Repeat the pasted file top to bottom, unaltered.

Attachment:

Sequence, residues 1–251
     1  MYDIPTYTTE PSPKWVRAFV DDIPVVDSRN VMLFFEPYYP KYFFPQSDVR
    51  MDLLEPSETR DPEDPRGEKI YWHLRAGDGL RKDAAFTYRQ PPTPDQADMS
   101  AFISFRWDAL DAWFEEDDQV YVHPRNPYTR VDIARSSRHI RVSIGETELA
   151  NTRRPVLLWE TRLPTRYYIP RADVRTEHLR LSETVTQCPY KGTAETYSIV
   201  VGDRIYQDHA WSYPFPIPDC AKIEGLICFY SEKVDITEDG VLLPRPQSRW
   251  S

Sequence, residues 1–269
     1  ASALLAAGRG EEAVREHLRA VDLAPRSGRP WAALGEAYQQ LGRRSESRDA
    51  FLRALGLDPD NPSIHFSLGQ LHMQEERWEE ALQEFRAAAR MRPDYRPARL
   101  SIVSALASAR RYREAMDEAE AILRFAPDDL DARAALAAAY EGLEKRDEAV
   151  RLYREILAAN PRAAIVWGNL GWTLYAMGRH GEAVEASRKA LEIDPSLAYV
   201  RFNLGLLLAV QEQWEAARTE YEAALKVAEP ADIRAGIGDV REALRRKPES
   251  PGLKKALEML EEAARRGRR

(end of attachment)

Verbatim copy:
Sequence, residues 1–251
     1  MYDIPTYTTE PSPKWVRAFV DDIPVVDSRN VMLFFEPYYP KYFFPQSDVR
    51  MDLLEPSETR DPEDPRGEKI YWHLRAGDGL RKDAAFTYRQ PPTPDQADMS
   101  AFISFRWDAL DAWFEEDDQV YVHPRNPYTR VDIARSSRHI RVSIGETELA
   151  NTRRPVLLWE TRLPTRYYIP RADVRTEHLR LSETVTQCPY KGTAETYSIV
   201  VGDRIYQDHA WSYPFPIPDC AKIEGLICFY SEKVDITEDG VLLPRPQSRW
   251  S

Sequence, residues 1–269
     1  ASALLAAGRG EEAVREHLRA VDLAPRSGRP WAALGEAYQQ LGRRSESRDA
    51  FLRALGLDPD NPSIHFSLGQ LHMQEERWEE ALQEFRAAAR MRPDYRPARL
   101  SIVSALASAR RYREAMDEAE AILRFAPDDL DARAALAAAY EGLEKRDEAV
   151  RLYREILAAN PRAAIVWGNL GWTLYAMGRH GEAVEASRKA LEIDPSLAYV
   201  RFNLGLLLAV QEQWEAARTE YEAALKVAEP ADIRAGIGDV REALRRKPES
   251  PGLKKALEML EEAARRGRR